Personality: Alycia Wright

Spotlight on Cultural Roots Homeschool Cooperative’s director, founder

9/14/2023, 6 p.m.
Alycia and Steven Wright began homeschooling their children about a decade ago. While their two eldest daughters attended Richmond Montessori ...

Alycia and Steven Wright began homeschooling their children about a decade ago. While their two eldest daughters attended Richmond Montessori School — Alexandra until the fourth grade and Jordan for kindergarten — their younger daughters, Kennedy and Stevie, have always been homeschooled. Mrs. Wright says because there is no separation between learning and education, the family is able to be “life learners with no limits.”

“We are eclectic homeschoolers, which means we don’t primarily use a traditional boxed curriculum,” she explains. “We learn every day and outside of traditional school hours.”

Mrs. Wright says she saw a need for a homeschool community that celebrated the diversity of BIPOC children and families. She founded Cultural Roots Homeschool Cooperative in 2016 to meet that need by centering the cultural attributes, traditions and histories of Black and Brown communities.

The number of families homeschooling their children has increased significantly in Richmond and throughout the nation. The onset of COVID-19 increased the number of students who are homeschooled.

The Virginia Department of Education reported nearly 57,000 homeschooled students and religious exemptions for the 2022-2023 school year. Although these numbers dipped from the previous year, they still represent a 30% increase over the 2018-2019 school year.

With the rise in homeschooling, Mrs. Wright says there are important things to consider when a child is homeschooled, including the commitment it requires and the challenges involved.

“Our biggest challenge lately has been balancing all of my children’s interest/passion-based learning with the time needed for core foundational skills and daily practice,” she said.

“Gaining access to programs and partners for homeschooled youths is a challenge at times. A lot of programs are geared toward public school- children and so dispelling myths about homeschoolers is a constant effort.

“One stereotype is that homeschoolers are at a kitchen table for six hours a day and lack socialization. The reality is that homeschoolers spend a lot of time out and in the community engaged in activities with other homeschoolers,” she added.

The Cultural Roots Homeschool Cooperative has about 125 homeschoolers participate in the educational classes and experiences that the families work together to select and fund each year. Mrs. Wright says many of the classes are developed according to students’ interests and passions such as African drumming, robotics, nature studies and personal finance.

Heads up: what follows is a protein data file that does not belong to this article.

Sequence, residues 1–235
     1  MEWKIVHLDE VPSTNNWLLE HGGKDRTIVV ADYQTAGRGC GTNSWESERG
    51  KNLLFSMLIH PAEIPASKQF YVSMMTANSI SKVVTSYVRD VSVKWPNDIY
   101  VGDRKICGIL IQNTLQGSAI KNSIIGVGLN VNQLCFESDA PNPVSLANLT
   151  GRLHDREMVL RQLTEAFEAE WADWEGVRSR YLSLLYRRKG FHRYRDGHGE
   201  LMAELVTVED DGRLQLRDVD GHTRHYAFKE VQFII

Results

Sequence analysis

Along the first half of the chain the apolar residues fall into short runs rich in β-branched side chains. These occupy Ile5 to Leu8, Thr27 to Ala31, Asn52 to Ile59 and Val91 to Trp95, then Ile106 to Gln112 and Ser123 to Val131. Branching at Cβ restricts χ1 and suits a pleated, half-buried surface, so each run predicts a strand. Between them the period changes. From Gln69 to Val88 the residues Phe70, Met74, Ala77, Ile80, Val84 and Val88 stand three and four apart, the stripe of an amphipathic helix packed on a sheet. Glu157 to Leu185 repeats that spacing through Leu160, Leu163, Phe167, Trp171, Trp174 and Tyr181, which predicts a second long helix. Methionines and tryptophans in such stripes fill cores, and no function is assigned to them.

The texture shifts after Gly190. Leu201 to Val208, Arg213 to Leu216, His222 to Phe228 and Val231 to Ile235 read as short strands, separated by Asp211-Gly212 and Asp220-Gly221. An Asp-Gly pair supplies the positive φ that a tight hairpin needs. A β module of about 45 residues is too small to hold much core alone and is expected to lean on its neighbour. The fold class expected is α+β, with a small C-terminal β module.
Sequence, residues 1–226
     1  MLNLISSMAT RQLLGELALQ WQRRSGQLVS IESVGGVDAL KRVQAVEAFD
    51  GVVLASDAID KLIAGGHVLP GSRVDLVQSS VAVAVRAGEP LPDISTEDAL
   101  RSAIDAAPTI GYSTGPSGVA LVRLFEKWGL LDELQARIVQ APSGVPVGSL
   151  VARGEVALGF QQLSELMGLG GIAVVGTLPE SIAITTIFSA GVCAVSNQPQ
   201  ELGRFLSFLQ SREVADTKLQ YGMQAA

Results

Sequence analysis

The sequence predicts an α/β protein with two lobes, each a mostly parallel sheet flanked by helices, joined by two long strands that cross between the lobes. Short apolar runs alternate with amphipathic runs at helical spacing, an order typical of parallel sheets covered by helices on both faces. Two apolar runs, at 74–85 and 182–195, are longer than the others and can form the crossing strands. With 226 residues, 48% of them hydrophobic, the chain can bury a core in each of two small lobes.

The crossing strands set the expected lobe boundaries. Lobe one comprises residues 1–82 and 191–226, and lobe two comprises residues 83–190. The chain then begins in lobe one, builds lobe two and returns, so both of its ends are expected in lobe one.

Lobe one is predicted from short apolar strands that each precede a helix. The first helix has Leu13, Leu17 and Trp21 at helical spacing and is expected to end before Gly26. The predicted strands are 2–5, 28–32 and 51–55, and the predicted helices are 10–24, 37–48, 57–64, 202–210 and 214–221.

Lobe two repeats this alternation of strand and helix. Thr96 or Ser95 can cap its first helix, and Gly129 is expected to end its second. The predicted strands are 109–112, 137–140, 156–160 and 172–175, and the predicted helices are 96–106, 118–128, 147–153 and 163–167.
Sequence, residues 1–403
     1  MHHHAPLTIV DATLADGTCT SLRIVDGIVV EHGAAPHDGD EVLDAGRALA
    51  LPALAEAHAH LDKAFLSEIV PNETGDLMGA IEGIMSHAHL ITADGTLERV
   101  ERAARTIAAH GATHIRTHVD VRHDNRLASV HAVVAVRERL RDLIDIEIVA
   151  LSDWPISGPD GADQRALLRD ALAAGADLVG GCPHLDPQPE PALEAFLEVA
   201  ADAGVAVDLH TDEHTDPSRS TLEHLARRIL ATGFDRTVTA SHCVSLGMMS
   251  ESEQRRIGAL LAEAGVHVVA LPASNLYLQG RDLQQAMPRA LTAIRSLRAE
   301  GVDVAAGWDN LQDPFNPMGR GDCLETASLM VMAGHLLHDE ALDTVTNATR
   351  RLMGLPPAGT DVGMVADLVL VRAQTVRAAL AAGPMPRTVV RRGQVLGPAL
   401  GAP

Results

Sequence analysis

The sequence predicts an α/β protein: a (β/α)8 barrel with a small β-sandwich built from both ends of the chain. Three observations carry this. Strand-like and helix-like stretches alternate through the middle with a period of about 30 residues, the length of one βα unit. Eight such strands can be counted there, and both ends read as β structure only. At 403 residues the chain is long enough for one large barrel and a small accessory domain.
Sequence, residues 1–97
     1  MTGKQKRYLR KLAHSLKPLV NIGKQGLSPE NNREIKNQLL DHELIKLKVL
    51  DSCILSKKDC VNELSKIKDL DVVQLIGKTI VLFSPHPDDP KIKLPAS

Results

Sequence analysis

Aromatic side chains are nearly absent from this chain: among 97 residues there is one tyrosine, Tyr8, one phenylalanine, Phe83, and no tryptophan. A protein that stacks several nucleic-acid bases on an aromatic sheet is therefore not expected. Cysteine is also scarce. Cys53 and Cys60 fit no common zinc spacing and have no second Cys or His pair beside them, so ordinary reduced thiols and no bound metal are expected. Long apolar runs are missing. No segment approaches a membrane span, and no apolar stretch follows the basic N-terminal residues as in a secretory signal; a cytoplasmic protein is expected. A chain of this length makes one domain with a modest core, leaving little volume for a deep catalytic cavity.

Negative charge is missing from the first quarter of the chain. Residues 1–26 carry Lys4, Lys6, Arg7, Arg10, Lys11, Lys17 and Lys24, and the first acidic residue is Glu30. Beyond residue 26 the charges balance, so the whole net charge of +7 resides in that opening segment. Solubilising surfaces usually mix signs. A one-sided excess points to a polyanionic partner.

At the high school level, there is a full curriculum of academics and exploratory classes.

Mrs. Wright said the co-op will continue to provide friendship and support to homeschooling families. She also hopes to expand some of the co-op’s offerings into surrounding communities and provide more formal mentoring to new homeschool parents.

“I am excited by the number of families considering and beginning on this home education journey as well as so many who are creating new spaces for themselves in the community,” Mrs. Wright said. “I am energized by watching young people make connections to what they are learning through experience and access.”

Meet an advocate for homeschooling and this week’s Personality, Alycia Wright. Occupation: Founder and director, Cultural Roots Homeschool Cooperative.

Place of birth: Richmond.

Where I live now: Henrico County.

Education: Bachelor’s in psychology, master’s in education, special education and disability policy.

Family: Husband, Steven, and four daughters, Alexandra, 19, Jordan, 15, Kennedy, 13, and Stevie, 9.

Cultural Roots Homeschool Co-op is: A culturally centered and liberated educational space for BIPOC homeschooling families.

Why there is a need for the Co-op: I saw the need for a homeschool community that centered and celebrated the diversity of BIPOC people, with an emphasis on those within the African diaspora.

Our mission: To provide a culturally centered and liberated educational space for families. We intentionally center the cultural attributes, traditions and histories of Black and Brown communities.